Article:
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  • circuitridercircuitrider 3367 replies168 threadsRegistered User Senior Member
    But, doesn't everybody get the same advice, "If you're going to major in [fill in useless liberal arts subject here], then, are you prepared to become a teacher?" Nothing so concentrated my mind as a young 18 y/o than the possibility of having to become a NYC public school teacher!
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  • ucbalumnusucbalumnus 78233 replies690 threadsRegistered User Senior Member
    JHS wrote: »
    I think cptofthehouse is being a little overbroad when she focuses on getting a STEM-type major, but right on with her message to plan for post-college employment all the time, and to make certain you are acquiring credentials that will help you get the kind of job you need. That varies with the kinds of jobs you are looking at, and also, frankly, with how much of a star you are. Be realistic.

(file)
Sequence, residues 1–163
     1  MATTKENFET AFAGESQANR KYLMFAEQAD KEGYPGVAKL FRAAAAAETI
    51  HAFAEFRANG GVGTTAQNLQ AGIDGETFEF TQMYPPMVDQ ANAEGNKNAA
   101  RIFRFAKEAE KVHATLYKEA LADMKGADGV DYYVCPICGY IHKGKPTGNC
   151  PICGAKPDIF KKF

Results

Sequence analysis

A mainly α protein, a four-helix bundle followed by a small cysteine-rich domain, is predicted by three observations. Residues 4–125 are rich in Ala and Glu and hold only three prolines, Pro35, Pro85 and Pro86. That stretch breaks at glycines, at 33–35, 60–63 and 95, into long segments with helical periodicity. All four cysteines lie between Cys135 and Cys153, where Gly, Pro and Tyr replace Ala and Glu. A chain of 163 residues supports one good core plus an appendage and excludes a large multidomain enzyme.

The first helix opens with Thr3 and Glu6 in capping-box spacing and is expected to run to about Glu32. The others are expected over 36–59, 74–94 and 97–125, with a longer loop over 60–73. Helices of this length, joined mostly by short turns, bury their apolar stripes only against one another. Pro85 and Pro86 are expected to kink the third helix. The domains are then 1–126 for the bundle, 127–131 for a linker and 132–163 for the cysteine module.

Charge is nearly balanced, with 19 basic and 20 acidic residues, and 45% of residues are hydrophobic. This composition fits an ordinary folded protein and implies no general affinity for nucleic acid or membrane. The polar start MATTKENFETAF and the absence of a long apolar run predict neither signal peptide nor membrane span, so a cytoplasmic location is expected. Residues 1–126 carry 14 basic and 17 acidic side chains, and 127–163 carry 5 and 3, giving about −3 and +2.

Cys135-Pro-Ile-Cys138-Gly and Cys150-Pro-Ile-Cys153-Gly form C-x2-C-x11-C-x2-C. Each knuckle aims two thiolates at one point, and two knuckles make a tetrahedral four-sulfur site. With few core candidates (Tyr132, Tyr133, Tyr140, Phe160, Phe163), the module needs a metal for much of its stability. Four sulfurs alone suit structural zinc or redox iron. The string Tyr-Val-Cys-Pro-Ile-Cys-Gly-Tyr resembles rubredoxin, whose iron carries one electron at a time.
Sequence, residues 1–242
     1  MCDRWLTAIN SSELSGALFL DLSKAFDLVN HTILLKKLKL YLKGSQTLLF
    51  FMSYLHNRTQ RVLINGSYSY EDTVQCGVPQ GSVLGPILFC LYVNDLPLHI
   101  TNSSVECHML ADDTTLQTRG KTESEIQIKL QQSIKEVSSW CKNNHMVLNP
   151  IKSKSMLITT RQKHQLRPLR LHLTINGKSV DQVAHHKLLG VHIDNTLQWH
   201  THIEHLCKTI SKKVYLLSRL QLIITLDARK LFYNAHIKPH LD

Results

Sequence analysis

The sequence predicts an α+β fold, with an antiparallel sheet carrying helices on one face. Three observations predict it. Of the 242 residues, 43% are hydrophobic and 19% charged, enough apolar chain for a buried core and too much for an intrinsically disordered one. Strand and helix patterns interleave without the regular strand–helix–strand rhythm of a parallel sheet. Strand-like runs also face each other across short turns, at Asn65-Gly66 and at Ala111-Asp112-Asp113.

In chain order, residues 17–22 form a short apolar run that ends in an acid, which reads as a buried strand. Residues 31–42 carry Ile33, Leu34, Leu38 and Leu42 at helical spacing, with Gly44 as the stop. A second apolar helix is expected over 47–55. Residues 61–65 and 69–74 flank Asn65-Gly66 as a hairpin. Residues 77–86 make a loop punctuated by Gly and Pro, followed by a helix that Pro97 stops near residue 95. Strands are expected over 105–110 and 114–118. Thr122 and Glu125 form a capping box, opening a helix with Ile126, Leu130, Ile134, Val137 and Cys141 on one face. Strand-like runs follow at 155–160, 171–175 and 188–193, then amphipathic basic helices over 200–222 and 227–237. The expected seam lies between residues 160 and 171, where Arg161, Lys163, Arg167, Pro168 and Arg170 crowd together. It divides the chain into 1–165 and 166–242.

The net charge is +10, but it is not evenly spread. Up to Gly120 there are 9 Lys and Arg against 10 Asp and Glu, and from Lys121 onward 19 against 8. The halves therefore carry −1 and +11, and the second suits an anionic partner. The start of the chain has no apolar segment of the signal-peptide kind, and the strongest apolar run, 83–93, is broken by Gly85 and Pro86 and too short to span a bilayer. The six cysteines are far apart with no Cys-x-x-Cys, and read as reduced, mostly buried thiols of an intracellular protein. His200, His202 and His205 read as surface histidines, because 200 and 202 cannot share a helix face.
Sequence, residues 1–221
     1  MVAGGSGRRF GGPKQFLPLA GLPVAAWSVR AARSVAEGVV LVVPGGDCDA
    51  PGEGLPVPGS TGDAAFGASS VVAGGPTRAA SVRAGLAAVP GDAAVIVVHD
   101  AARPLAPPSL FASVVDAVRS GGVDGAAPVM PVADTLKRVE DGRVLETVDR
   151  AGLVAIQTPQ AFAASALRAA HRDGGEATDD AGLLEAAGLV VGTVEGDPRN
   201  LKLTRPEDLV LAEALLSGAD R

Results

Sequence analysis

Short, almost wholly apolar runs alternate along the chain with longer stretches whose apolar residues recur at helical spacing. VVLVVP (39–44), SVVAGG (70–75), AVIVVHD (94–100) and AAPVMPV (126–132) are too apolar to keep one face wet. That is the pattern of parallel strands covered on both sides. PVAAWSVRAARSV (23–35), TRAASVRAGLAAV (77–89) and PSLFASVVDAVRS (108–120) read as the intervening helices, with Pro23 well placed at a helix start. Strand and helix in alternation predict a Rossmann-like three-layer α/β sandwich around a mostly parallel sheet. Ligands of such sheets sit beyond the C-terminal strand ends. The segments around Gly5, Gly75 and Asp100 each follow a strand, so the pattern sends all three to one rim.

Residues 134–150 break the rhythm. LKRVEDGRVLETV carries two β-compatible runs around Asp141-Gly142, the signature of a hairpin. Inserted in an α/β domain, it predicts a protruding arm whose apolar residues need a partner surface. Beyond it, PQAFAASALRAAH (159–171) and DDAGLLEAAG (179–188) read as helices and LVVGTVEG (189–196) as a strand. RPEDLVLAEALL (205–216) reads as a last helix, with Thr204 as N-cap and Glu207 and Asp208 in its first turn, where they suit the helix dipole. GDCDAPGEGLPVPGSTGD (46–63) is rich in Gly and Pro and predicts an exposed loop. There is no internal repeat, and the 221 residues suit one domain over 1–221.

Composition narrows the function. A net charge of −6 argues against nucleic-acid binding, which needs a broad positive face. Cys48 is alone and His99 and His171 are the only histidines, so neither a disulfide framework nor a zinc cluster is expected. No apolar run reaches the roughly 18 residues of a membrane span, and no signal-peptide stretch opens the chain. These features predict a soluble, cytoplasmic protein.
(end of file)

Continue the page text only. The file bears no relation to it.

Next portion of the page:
Of course, many new entrants to the work force have little familiarity with how hiring works. If their parents and other associates are not in similar kinds of work, that may be even more of a disadvantage, akin to first-generation-to-college students. But hiring for jobs is much more opaque and holistic than even the most opaque and holistic college admissions (and job hiring has much stronger and widely accepted networking/nepotism preferences than college admissions legacy preferences).
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  • 1NJParent1NJParent 1366 replies35 threadsRegistered User Senior Member
    edited September 6